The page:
The whole area of Hubbard’s medals is one which I’ve researched some, but am still working on. One additional finding I’ve made along the way has to do with the service stars. As you probably know, receiving a “battle star” on the American Theater (now American Campaign) Navy ribbon from WW II typically meant that one served on a US Navy ship during the time in which it engaged in combat with an enemy submarine/ship (the specific eligible campaigns and areas of service are listed at http://www.history.navy.mil/medals/acsm.htm). Two stars would indicate involvement in two or more eligible campaigns.

        In Moulton’s testimony in 1984, he states the following regarding his battle stars and what they (he, Hubbard and the crew of the PC-815) thought were Japanese submarines off the coast of Astoria, Oregon (near Portland) in the late spring of 1943:

        [Lawyer]: Now you and Mr. Hubbard were never given credit for sinking or damaging any Japanese submarines; were you?

        [Moulton]: I don’t know. There is something quite odd about that and I have never gotten to the bottom of it. I believe we were.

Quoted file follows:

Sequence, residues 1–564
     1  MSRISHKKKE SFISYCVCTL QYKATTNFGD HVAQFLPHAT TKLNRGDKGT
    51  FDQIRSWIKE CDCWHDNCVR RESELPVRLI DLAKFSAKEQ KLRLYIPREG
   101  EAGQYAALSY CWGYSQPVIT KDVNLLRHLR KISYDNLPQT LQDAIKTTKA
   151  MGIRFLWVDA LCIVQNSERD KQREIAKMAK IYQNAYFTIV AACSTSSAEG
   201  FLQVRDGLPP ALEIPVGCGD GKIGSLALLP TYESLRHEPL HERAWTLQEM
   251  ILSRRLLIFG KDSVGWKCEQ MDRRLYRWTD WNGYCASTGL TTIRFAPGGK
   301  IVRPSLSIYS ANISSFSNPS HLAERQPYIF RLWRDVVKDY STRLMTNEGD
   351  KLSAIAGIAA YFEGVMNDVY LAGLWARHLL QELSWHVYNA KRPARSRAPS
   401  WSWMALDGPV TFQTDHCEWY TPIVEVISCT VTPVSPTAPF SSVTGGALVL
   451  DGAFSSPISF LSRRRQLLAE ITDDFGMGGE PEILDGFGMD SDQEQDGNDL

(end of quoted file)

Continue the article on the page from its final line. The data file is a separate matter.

[Lawyer]: Well, Admiral Fletcher in his report never gave you credit?

        [Moulton]: I am talking about the Navy Department in Washington. We were allowed, so I was advised, to wear two battle stars on our American Theater ribbon which I wore as long as I was in the service. I was told that they had been allowed by Washington.”

        When I looked into Moulton’s service record (at least the parts that are publicly available), his Separation document does indeed list two relevant battle stars — one on his American Theater ribbon and one on his American Defense (pre-US entry into WWII) ribbon. The odd thing however, is that there isn’t any other service (other than the above PC-815 incident) in Moulton’s record which would account for his having received either of those two stars. So it seems that Moulton may have indeed been correct that he was awarded those two battle stars by the Navy Department as a result of the PC-815’s (controversial) submarine incident in mid-1943.